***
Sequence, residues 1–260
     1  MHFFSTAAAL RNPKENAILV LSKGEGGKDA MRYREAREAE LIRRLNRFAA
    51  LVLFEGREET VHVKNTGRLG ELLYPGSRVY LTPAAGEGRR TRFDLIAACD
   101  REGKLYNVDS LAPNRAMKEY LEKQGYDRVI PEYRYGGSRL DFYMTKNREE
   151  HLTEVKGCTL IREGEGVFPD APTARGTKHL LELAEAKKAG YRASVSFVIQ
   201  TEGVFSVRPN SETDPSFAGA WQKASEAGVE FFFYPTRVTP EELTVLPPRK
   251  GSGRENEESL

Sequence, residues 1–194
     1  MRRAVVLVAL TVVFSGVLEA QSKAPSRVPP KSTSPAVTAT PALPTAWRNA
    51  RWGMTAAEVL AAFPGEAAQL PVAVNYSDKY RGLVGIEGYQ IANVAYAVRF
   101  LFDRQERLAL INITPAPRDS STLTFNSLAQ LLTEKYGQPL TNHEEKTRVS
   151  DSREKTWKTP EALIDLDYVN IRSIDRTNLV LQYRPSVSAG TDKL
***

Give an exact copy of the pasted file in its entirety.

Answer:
Sequence, residues 1–260
     1  MHFFSTAAAL RNPKENAILV LSKGEGGKDA MRYREAREAE LIRRLNRFAA
    51  LVLFEGREET VHVKNTGRLG ELLYPGSRVY LTPAAGEGRR TRFDLIAACD
   101  REGKLYNVDS LAPNRAMKEY LEKQGYDRVI PEYRYGGSRL DFYMTKNREE
   151  HLTEVKGCTL IREGEGVFPD APTARGTKHL LELAEAKKAG YRASVSFVIQ
   201  TEGVFSVRPN SETDPSFAGA WQKASEAGVE FFFYPTRVTP EELTVLPPRK
   251  GSGRENEESL

Sequence, residues 1–194
     1  MRRAVVLVAL TVVFSGVLEA QSKAPSRVPP KSTSPAVTAT PALPTAWRNA
    51  RWGMTAAEVL AAFPGEAAQL PVAVNYSDKY RGLVGIEGYQ IANVAYAVRF
   101  LFDRQERLAL INITPAPRDS STLTFNSLAQ LLTEKYGQPL TNHEEKTRVS
   151  DSREKTWKTP EALIDLDYVN IRSIDRTNLV LQYRPSVSAG TDKL